“What I know,” Julian said, sitting on his patio, “is that keeping a diary has saved my life.”
Julian is sixty six years old. When I contacted him about why, not what, he wrote in his diary, after some pestering on my part, he agreed to speak to me about his diary and the process of writing over all these years.
I asked him how he got started.
“I watched my mother. She kept a diary.”
“I lived near a farm. Not “on” one, mind you. That would have been great. No, my mother was a domestic worker on a farm. She had me out of wedlock. Back then, and where we were from, that was a pretty bad thing. So, her family sent her out of the house to make it on her own. It was a cruel thing to do, but my mother was a tough lady. She was only nineteen. But she took her clothes, stuck them in a bag, and went to make a life on her own.”
“My first memory of her writing was when I was about five or so. My mother was a very reserved woman. She didn’t have anyone to talk to anyway, so this was just her way of processing her thoughts. After she came home from the farm, I saw her sitting on the edge of her bed, writing in a little book. I saw this key dangling from her hand, and I asked her about it. She said that the book had a lock to keep her thoughts safe. I didn’t understand what she meant by that at the time, but I remember her locking the book with those little locks diaries had, then putting in in her drawer.”
“Now, you should know, that we had it hard. My Mom barely made enough for us to get by. We were dirt poor. And, growing up, I know how hard it was for her to care for herself and especially me. She never mentioned it, but I always felt that I needed to do more to help. I tried to be as good of a kid as I was able, and I never gave her any trouble. Didn’t have any friends, but I just kept to myself.”
“Over time, from watching her, I started to write down my thoughts when I was about eight. I don’t have those diaries, but I remember writing with my mother while she was writing in hers. After about a week, she told me that I should do my in private, and that this process was a time to “be still, and think about your day.”
“And it helped. Made me feel less lonely, less afraid.” “I told you that the diary helped save my life. Well, one day, I was seventeen, my Mom didn’t come home from work. Hours passed, and I finally called her work. They said that she’d been taken to the hospital that day, and the folks in the house went with her to the Emergency Room.”
“I hitchhiked into town and got to the hospital. My mother was on life support. Apparently, she had a stroke. The doctors were attending to her, but when I asked the nurse how she was, she shook her head and said, “We probably won’t know for a another few hours.”
“Not an hour the nurse saw me, the doctor came out to the waiting room and told me my mother passed away. I had never been struck with such profound sadness in my life.”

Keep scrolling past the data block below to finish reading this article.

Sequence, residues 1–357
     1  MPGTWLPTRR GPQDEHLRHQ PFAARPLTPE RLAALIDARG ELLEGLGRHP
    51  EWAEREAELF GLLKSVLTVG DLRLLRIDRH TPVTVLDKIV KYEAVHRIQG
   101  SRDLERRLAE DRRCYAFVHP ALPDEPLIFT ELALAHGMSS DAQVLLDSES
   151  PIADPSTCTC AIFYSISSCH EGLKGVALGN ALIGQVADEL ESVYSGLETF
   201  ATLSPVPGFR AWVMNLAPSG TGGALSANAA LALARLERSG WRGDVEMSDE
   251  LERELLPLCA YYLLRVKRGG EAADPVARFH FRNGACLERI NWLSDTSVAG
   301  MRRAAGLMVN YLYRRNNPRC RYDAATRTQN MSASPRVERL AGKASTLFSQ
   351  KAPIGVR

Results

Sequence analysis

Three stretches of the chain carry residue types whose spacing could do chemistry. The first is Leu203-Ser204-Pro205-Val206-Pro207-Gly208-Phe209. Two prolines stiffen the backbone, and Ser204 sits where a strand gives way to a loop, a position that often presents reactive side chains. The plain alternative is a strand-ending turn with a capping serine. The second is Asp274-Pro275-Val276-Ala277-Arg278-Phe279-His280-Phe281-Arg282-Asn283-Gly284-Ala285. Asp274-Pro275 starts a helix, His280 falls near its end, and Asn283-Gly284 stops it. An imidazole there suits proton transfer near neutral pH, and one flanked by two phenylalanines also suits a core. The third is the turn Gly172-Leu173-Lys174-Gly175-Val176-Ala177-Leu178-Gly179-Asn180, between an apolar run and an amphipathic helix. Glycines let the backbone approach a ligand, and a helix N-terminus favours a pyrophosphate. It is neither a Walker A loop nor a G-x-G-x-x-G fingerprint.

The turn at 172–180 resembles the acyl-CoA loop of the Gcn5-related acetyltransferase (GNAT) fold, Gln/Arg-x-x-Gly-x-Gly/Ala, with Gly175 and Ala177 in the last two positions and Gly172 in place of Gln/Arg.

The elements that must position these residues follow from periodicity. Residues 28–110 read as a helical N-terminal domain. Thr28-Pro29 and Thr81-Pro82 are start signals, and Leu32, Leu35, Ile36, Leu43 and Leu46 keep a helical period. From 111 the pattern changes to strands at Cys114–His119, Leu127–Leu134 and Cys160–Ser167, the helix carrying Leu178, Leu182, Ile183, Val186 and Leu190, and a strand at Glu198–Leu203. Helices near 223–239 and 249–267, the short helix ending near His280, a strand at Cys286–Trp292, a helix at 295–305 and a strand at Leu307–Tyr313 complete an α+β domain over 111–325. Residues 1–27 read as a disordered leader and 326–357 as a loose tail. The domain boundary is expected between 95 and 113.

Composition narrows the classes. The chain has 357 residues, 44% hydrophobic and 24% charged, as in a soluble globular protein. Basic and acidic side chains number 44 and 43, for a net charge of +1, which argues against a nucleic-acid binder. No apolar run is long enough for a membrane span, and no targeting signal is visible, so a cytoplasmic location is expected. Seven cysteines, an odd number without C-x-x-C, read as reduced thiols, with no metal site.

“After the funeral, I was to move in with my aunt and uncle, but I didn’t go. I just stayed in the house. And the depression just deepend. My diary entries were short and very dark. So were my thoughts. I The grief of my mother’s death took hold and I wasn’t able to shake it loose.”
“Then, in a period of a day or two, I decided it would be best to end my life.” Julian looked at me, scratched his head and said, “With my Mom gone, I thought my life was over. And I didn’t know what else to do.” “On my way to my room to go to bed that night, I passed my mother’s room. Her diary was left out on her nightstand. I don’t remember this ever happening. Maybe I just didn’t notice, but there it was.”
“So, I opened her diary. I had never done that before and I don’t remember what compelled me to do it that day.” Julian picked up a diary sitting next to him on the couch. “Her last entry before she went to the hospital reads follows: “Dear Diary, My dear Julian is my greatest blessing. . Please give him the strength to meet all his goals. Please give me the words to heal his heart, to let him know how much I love him, how much he means to me, and how empty my life would be without him.”
“That night,” Julian said, “changed everything. I put down my mother’s diary, and went back to my room. I my entry for that night was, “Dear Diary, I’ll get through this. I’ll keep moving forward. Please let my Mom know, wherever she is, that I’m going to be OK.“
Julian started to cry, and said, “I tear up every time I read that. But I began a new life that day, one that my mother would be proud of.”
“My diary continues to give me focus, to chart my path, and to bring my feelings to the surface. I write in it every day. It helps me think, it absolutely helps me get clarity with my feelings, and it makes me feel like my Mom is right next to me.”
“And that night when I was seventeen,” Julian said, “Her diary saved my life.”
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